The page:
The most common ribotype identified from the pork samples was the 027 human epidemic ribotype. This has been previously reported and suggests a possible human health concern. This strain has been associated with outbreaks of CDI internationally (27) and there is evidence that it may be highly virulent (9). This has been attributed to the presence of an alteration in the tcdC gene, which is a negative regulator of toxin A and B production. This alteration was confirmed in 027 isolates from pork in this study. Additionally, 1 other isolate possessed similar characteristics to 027, including the Δ117 mutation in tcdC. It is reasonable to expect that this strain would have similar hypervirulence properties. Ribotype 027 or related strains have been identified in retail beef (15) and pork (16). In addition to ribotype 027, ribotypes Y and T have been identified in humans with CDI in Ontario (25). A strain with an indistinguishable ribotype pattern compared to ribotype V has been found in humans with CDI in the province, yet it was of a different toxinotype and the relationship between the 2 strains is unclear. The only isolate with a ribotype not previously found in humans is OVC B, a non-toxigenic strain. Of note, ribotype 078 or toxinotype V strains, the most common isolates from pigs in some regions (4,28), were not isolated from these samples. Songer et al (16) reported 68.4% of American retail meat isolates, including beef, pork, and turkey, were ribo-type 078. The finding of ribotype 078 or related toxinotype V strains in meat has raised concerns because of the recent association between these strains and community-associated CDI in humans. The absence of this type from the Canadian samples suggests 078 may generally not be as prevalent in Canada as in the United States; however, a prospective study of C. difficile colonization of pigs in Canada is required. Songer et al (16) did report the second most common ribotype from beef and pork samples to be 027 (31.4%), which approximates the proportion of ribotype 027 isolates found in this study (42.9%).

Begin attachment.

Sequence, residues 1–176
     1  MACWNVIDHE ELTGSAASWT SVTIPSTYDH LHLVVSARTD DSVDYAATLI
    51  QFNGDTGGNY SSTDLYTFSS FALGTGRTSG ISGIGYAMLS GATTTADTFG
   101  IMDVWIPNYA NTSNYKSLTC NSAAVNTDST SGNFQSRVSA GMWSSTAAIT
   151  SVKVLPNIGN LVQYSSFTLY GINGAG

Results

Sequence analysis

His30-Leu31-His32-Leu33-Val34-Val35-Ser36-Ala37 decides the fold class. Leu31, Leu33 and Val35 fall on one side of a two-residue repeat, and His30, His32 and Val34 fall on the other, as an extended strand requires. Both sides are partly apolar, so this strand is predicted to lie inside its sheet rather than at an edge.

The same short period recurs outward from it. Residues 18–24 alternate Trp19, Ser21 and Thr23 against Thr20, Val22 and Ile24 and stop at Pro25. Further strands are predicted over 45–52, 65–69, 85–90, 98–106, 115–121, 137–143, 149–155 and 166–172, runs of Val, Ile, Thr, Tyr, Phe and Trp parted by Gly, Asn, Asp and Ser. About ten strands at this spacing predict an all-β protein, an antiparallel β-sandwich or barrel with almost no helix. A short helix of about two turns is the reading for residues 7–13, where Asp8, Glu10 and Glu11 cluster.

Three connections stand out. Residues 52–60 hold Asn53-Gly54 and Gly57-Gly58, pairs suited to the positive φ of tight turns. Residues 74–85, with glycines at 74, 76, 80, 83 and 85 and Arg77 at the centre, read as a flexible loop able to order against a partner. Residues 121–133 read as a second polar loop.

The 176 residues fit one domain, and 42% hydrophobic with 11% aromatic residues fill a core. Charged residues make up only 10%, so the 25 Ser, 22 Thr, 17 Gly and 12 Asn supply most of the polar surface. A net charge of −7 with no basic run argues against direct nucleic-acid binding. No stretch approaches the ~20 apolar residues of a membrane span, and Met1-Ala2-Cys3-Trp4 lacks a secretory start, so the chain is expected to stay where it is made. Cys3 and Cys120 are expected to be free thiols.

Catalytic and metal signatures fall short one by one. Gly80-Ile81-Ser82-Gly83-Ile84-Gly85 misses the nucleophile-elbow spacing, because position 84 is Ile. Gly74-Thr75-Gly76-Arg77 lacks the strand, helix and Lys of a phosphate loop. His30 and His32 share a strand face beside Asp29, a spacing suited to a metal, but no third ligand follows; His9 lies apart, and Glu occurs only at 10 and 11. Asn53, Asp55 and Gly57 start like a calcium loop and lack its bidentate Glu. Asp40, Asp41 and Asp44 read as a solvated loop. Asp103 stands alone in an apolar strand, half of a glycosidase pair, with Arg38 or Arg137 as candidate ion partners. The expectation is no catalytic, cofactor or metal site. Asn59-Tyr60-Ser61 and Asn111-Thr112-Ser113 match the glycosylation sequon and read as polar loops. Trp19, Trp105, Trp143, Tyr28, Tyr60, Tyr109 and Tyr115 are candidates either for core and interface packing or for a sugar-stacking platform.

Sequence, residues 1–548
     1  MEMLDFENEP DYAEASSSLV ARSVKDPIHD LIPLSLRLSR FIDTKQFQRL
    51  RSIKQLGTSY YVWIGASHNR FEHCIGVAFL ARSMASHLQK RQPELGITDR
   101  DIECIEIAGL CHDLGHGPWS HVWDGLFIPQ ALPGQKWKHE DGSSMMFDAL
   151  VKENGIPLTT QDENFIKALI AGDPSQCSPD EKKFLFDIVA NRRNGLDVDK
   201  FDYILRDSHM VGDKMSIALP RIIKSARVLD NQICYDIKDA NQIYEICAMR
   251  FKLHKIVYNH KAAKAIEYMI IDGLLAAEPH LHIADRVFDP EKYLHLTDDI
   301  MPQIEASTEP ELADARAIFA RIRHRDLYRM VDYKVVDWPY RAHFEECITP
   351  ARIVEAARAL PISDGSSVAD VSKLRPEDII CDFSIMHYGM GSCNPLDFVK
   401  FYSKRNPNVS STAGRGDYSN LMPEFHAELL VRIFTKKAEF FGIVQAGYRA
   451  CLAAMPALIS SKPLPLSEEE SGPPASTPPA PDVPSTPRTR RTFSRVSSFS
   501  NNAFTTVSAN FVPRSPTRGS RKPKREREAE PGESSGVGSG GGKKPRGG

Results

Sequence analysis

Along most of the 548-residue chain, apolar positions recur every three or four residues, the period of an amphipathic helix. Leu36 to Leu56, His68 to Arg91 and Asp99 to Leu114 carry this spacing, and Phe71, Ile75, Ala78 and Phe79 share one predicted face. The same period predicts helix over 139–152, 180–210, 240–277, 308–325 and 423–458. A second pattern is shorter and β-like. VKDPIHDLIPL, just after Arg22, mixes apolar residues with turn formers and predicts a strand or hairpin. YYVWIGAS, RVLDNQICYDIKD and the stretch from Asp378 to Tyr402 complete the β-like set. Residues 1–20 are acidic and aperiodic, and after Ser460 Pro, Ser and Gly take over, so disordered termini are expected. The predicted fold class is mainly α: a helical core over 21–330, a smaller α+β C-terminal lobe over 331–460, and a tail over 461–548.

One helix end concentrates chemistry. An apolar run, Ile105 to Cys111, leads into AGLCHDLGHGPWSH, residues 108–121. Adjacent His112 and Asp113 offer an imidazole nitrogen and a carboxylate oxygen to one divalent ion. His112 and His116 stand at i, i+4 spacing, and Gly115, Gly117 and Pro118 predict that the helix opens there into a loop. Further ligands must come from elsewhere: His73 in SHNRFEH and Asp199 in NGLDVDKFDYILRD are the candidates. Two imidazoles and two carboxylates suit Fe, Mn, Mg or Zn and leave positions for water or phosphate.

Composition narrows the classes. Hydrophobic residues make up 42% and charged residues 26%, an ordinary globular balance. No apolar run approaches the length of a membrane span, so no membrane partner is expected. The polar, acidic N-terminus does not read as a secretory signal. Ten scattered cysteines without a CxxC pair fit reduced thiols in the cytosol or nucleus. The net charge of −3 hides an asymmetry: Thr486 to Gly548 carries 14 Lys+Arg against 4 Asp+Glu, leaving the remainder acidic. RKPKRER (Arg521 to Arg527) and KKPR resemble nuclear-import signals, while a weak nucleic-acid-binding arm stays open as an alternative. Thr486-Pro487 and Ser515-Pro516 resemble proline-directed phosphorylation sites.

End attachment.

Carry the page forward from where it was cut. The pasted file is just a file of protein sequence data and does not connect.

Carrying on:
All isolates tested were susceptible to both metronidazole and vancomycin. One isolate, ribotype Y, was resistant to clindamycin and all other isolates were considered intermediate. The OVC B, and all 3027 isolates were resistant to levofloxacin. The ribotype T isolate was susceptible and the remaining isolates were intermediate. Resistance to clindamycin and levofloxacin is becoming increasingly common in human C. difficile isolates. Martin et al (25) reported that 98.4% of isolates were fully resistant to levofloxacin and the remaining 1.6% were intermediate; therefore, the identification of a susceptible isolate from pork was unexpected. As high as 92% of recent human ribotypes 027 isolates were reportedly clindamycin resistant (25) but only 1 isolate from this study was fully resistant.